While no direct connection can be established to link California more closely to the Revolution, other events tie the two together. In 1778 the English Captain James Cook had sailed to the Pacific on what was ostensibly a scientific expedition. While the Crown had ordered Cook not to interfere with the Spaniards, he was given secret instructions to reconnoiter areas of future colonial interest as part of a scheme which possibly sought to secure new colonial territories in the Pacific Northwest. With the outbreak of the North American Revolution the Mexican government was forced to suspend its costly explorations up the Pacific Coast in 1779, thus averting a confrontation with England in the Pacific which would likely have become entangled with other aspects of the revolution.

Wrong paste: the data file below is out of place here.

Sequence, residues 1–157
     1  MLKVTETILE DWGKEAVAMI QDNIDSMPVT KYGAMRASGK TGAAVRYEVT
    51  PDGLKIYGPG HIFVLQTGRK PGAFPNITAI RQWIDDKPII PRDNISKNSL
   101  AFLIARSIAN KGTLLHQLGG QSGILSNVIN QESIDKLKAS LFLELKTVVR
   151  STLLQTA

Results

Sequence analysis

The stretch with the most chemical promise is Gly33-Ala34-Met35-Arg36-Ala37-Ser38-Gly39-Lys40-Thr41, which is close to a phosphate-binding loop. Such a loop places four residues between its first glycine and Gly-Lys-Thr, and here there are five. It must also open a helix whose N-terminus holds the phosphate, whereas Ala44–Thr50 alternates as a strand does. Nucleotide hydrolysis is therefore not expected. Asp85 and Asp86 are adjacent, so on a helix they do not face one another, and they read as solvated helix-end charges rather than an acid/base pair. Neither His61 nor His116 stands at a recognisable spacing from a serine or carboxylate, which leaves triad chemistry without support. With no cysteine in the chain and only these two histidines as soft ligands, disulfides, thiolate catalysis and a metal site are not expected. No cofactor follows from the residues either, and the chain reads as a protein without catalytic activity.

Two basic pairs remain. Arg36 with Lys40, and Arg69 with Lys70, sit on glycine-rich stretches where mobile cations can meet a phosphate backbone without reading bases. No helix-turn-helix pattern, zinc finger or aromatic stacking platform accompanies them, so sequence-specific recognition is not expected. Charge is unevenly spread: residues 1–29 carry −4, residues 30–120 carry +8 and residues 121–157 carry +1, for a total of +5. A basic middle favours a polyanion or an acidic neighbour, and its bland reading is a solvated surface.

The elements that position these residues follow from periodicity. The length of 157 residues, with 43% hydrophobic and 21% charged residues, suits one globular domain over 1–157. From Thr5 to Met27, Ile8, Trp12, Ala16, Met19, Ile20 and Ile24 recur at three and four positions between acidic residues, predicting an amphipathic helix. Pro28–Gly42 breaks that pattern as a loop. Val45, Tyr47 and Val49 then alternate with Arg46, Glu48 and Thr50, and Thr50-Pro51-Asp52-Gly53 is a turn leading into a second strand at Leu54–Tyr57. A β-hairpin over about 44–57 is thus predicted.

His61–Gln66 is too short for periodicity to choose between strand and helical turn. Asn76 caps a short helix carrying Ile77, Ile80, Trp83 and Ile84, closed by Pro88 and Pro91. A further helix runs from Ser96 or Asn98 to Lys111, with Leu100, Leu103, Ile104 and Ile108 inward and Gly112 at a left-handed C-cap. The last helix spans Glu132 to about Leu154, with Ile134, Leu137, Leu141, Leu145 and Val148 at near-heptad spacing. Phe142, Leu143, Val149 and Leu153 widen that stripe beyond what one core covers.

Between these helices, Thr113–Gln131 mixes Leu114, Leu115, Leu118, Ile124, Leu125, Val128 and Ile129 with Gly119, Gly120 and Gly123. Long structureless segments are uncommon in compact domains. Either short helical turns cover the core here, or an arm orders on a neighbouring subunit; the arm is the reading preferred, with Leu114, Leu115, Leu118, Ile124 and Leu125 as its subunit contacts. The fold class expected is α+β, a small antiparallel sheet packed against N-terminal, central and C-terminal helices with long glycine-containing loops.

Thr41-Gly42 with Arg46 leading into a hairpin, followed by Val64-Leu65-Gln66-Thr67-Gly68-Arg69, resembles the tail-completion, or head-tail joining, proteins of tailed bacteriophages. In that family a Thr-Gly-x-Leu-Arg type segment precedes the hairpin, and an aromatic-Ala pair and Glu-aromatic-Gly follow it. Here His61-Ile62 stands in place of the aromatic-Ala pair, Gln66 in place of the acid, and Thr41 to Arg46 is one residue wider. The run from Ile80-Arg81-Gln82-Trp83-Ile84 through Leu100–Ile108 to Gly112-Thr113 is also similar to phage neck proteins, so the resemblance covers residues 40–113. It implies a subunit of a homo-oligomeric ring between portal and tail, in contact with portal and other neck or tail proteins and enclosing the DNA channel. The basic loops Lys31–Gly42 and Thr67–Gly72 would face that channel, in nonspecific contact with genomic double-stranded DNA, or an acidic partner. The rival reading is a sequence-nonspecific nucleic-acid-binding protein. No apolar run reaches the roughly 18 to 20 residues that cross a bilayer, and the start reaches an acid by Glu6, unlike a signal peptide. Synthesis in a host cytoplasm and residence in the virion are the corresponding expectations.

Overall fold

With the publication of Admiral Cook’s journal following the war, there was unleashed, to use the words of Warren Cook, a “flood tide of empire” throughout the Pacific Northwest. American and British merchants and explorers increasingly moved into the area to engage in the lucrative sea otter trade and the very profitability of this venture caused a renewal of European rivalry which had lain dormant since the days of Drake. In 1789 a Spanish expedition dispatched from Mexico to Nootka Sound, located on the western shore of Vancouver Island, found British, American, and Portuguese ships lying at harbor. Although the Spanish drove them off, when England threatened war Spain was forced to renounce its claims to the area and pull back its borders to San Francisco, primarily because it could secure no aid from the French, then embroiled in their own Revolution. In 1790, with the signing of the Nootka Treaty, Spain reversed a foreign policy which had been aggressively expansionist since the sixteenth century. In so doing, it caused California to become more exposed to the threat of attack.28